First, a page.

Java

Project Coin: JSR 334 Expert Group Update

Besides working to address issues identified in the EDR draft, such as refining the diamond specification, the JSR 334 expert group has been considering other matters as well. One change being contemplated is removing the ability to have multiple underscores between digits of a literal; under that possible change, no underscore or a single underscore would be allowed. The primary consideration here is to prevent abuses of the underscores in literal feature that would obscure program meaning; on the other hand, there may be reasonable uses of repeated underscores that are desirable to allow.The expert group has agreed to one significant change from the EDR draft: as called out as a possibility in the draft, support has been dropped for the general expression form of the try-with-resources statement. That is, support has been removed for passing a resource as a general expression without an accompanying explicit variable declaration.Several technical problems were identified with allowing a general expression: Syntactic ambiguity: In the parser, it was not always possibleto distinguish with one-token look-ahead between the start of anExpression and the start of a Type. Consider code like try(i < j // Ternary operator on variables i and j ? new Resource1() : new Resource2()) {...}compared to code like try(Box < Resource // Simple generic wrapper around a resource > resourceBox = Box<>(new Resource1())) {...}A natural grammatical fallback short of banning Expressionwould be to only allow a more restricted expression, such asIdentifier.However, that restricted grammar would require compiler changes toalert programmers to some surprising legal code, as given in thefollowing examples.Usability issues: Consider a try-with-resourcesstatement being used to manage an existing variable where the variableis mutated inside the try block:public class TwrExamples implements AutoCloseable { public static void main(String... args) { TwrExamples twrEg1 = new TwrExamples(); System.out.println(twrEg1.hashCode()); try(twrEg1) { twrEg1 = new TwrExamples(); // Mutating the variable! System.out.println(twrEg1.hashCode()); } } @Override public void close() { System.out.println(hashCode()); }}As try-with-resources was previously specified, this would cause close to be called on the original value, notthe value twrEg1 pointed to at the time thetry block finishes.In this case, the printed output of the program may be somethinglike:160757678710512962021607576787which indicates that while close was called on theoriginal value, close was not called on the newTwrExamples object created inside thetry-with-resources block.Either policy of calling code on the original value orthe value on exit of the block could be problematic.The compiler did not issue any warnings about this situation andwarnings should be added if this feature were to be kept.(Mutating a resource variable declared as part of the try-with-resourcesstatement is illegal since such variables are implicitly or explicitlyfinal).Other complications that stemmed from supporting a general expressionas a resource were making sure the specification and implementationaccepted both try(null) {...}and try(myGenericMethodThatInfersTheTypeOfItsResult()) {}as valid programs.The main rationale for supporting general expressions was to allownon-Closeable objects, such as locks, to be easilywrapped in a suitable type to enjoy the call-method-on-block-exitguarantees of try-with-resources.When this is desirable, the same effect can still be achieved with anexplicit resource declaration.As experience is gained with try-with-resources,extensions to support other usage patterns will be considered infuture releases.I'm working with the javac team to remove support for this feature in an upcoming JDK 7 build.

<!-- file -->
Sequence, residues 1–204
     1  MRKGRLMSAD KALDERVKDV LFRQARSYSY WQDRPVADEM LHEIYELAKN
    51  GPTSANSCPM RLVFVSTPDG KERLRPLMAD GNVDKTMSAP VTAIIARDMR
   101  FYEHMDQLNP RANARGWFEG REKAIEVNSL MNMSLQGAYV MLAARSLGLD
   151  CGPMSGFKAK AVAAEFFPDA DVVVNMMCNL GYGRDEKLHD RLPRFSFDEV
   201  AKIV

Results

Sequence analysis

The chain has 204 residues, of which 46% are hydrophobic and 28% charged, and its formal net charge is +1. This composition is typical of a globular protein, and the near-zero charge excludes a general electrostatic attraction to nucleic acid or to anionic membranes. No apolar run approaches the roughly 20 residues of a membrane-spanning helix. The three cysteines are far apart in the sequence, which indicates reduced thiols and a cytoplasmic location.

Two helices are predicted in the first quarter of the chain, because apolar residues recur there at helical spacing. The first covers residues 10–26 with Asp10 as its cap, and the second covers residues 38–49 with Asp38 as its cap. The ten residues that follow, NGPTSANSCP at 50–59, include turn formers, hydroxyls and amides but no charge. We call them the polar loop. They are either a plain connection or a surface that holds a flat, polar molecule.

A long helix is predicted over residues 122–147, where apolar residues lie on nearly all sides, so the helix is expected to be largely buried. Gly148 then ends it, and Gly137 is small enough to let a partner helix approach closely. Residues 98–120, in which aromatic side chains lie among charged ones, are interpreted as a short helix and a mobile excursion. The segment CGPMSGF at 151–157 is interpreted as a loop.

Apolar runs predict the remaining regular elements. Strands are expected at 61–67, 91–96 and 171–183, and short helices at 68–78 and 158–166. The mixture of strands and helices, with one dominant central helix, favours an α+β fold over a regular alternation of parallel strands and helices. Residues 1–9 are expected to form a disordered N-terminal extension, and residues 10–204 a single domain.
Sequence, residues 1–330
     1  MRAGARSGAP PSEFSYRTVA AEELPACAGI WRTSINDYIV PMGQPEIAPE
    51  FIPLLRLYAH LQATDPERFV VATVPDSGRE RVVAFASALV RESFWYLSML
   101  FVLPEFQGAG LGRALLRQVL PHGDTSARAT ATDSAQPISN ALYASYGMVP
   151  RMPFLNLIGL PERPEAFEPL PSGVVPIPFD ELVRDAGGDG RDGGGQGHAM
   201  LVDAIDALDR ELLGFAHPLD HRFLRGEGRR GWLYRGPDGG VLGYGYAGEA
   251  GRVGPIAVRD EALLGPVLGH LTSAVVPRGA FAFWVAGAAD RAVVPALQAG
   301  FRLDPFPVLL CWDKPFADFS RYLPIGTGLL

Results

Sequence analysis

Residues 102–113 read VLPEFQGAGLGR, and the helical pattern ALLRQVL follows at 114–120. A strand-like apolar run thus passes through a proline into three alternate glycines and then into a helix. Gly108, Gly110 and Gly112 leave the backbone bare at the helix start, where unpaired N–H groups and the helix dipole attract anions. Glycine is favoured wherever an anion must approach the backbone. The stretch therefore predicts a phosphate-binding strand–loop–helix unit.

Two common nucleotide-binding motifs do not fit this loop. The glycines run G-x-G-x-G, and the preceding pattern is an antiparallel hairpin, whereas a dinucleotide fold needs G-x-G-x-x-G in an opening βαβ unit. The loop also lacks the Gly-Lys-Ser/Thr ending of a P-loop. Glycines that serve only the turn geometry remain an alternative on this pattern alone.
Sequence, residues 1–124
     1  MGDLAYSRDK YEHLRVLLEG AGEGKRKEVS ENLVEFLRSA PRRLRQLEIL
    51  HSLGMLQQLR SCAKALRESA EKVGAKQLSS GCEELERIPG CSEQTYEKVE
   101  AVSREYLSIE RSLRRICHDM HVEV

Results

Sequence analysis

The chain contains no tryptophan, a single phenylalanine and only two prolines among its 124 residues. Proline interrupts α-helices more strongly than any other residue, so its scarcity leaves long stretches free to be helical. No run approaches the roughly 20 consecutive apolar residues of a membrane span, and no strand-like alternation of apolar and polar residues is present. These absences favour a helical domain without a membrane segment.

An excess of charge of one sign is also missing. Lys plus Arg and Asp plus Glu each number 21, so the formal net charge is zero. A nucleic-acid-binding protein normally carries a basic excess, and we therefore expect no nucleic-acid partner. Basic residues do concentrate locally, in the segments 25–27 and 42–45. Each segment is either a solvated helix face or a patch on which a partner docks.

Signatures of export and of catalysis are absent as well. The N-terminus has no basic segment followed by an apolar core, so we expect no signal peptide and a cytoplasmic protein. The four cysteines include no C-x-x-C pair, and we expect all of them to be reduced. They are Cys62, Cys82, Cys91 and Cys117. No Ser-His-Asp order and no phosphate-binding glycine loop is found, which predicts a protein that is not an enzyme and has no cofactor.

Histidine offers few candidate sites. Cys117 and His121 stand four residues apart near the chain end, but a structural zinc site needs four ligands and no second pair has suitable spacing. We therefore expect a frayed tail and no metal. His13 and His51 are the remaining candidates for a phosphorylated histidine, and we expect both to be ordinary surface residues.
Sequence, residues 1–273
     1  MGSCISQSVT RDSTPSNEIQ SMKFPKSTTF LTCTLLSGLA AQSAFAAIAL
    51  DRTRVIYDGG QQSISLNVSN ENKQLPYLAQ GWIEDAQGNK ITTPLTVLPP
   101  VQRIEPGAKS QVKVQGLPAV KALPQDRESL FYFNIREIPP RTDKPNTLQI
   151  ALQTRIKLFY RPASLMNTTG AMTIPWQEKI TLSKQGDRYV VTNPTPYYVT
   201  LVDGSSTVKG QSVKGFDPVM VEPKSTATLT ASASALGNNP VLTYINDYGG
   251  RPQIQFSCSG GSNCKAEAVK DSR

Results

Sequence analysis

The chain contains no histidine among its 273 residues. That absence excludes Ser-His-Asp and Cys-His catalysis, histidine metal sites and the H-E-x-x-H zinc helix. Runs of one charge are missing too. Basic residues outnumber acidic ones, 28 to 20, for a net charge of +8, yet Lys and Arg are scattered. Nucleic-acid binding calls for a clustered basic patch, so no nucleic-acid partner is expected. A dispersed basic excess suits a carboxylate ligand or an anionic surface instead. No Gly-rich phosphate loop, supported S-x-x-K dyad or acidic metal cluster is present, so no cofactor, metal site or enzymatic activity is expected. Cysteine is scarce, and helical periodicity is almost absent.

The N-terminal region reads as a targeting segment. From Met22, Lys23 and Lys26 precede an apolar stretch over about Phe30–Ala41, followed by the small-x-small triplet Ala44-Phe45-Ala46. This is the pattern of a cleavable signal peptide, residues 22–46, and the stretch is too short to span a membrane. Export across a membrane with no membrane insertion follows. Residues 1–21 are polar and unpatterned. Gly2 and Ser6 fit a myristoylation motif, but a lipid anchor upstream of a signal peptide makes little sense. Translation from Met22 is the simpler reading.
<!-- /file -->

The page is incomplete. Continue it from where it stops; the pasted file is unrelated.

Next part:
Besides working to address issues identified in the EDR draft, such as refining the diamond specification, the JSR 334 expert group has been considering other matters as well. One change...

Java

Project Coin: Minty Fresh Libraries